A DAY’S PLEASURE

 

A DAY’S PLEASURE

 

(director/writer: Charles Chaplin; cinematographer: Roland Totheroh; editor: Charles Chaplin; music: Charles Chaplin,Composed for 1971 re-release); cast: Charles Chaplin (Father), Edna Purviance (Mother), Jackie Coogan (Smallest Boy); Runtime: 18; MPAA Rating: NR; producer: Charles Chaplin; Image Entertainment; 1919-silent)

“The film lacked Charlie’s usual social commentary and relied totally on sight gags, which never registered as funny.”

Reviewed by Dennis Schwartz

Charles Chaplin (“The Kid”/”Monsieur Verdoux “/”Limelight”) goes out of his Tramp character for this less than sterling comedy short. It has Charlie as a middle-class family man, married to Edna Purviance. Things go wrong for Charlie when he takes the wife and two kids on a boat excursion and trip by car. Charlie’s attempt to give his family a day out go awry because of his run-down car. The film lacked Charlie’s usual social commentary and relied totally on sight gags, which never registered as funny. One has a black musician on the boat turn white when seasick.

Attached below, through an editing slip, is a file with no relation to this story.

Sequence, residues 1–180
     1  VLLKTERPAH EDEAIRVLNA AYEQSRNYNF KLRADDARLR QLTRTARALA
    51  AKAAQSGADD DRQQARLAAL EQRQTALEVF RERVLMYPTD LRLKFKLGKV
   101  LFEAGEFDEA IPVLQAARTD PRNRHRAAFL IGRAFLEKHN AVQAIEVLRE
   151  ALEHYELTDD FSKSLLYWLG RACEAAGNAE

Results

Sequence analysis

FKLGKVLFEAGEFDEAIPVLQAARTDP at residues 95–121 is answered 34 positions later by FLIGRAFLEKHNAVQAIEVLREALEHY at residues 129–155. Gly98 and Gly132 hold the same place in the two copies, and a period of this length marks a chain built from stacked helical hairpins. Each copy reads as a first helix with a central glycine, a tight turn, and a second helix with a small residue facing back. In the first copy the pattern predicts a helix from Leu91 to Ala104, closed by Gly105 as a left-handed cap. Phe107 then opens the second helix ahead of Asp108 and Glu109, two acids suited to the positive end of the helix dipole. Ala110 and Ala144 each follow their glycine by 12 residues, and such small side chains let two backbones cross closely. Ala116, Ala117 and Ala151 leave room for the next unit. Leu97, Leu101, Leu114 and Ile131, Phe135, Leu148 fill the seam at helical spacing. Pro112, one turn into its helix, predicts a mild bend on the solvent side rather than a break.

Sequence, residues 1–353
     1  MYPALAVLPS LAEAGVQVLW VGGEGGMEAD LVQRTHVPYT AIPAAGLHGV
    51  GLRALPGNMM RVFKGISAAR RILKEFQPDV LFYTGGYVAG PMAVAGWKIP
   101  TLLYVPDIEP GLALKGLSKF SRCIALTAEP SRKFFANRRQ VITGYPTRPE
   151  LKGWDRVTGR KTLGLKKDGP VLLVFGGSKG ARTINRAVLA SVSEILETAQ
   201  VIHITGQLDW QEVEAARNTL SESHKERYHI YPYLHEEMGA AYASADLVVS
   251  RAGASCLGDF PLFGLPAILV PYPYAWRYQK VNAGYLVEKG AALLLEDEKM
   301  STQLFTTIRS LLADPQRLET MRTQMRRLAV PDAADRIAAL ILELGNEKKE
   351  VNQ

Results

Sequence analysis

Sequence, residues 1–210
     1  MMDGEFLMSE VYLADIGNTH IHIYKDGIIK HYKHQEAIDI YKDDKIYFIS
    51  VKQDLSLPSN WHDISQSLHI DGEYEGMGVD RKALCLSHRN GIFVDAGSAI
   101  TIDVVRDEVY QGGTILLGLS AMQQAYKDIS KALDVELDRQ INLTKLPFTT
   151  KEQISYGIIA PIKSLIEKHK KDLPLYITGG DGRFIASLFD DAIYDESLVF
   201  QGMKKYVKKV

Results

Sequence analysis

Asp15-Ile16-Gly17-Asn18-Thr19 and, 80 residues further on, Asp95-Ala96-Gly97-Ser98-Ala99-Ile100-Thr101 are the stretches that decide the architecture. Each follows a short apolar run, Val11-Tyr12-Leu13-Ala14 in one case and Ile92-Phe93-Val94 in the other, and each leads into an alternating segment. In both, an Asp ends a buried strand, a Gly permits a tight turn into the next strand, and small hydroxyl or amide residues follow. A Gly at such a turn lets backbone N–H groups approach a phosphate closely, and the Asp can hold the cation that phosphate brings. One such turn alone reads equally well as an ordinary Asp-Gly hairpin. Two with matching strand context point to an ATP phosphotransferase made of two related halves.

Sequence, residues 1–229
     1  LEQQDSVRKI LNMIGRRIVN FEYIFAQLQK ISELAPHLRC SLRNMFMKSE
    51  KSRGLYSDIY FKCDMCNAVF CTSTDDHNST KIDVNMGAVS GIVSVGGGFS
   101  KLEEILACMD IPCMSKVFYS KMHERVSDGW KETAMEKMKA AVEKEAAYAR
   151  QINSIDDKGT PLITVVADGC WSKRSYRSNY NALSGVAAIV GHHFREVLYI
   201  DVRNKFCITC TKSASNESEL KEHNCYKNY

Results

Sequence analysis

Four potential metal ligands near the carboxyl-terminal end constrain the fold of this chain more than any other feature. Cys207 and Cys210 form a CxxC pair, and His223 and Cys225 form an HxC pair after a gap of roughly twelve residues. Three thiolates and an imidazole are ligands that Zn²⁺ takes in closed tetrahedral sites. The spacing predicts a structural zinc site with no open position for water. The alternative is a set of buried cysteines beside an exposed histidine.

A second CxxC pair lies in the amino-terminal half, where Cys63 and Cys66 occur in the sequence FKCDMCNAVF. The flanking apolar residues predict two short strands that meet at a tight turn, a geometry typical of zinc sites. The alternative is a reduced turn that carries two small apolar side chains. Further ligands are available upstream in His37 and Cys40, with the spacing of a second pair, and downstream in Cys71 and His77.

The film was a box office hit upon its release, but today goes as one of the comic’s poorer shorts. It was a rushed film shot in seven days on an excursion steamer in Los Angeles’ San Pedro harbor.

REVIEWED ON 8/2/2008 GRADE: C+  https://dennisschwartzreviews.com/

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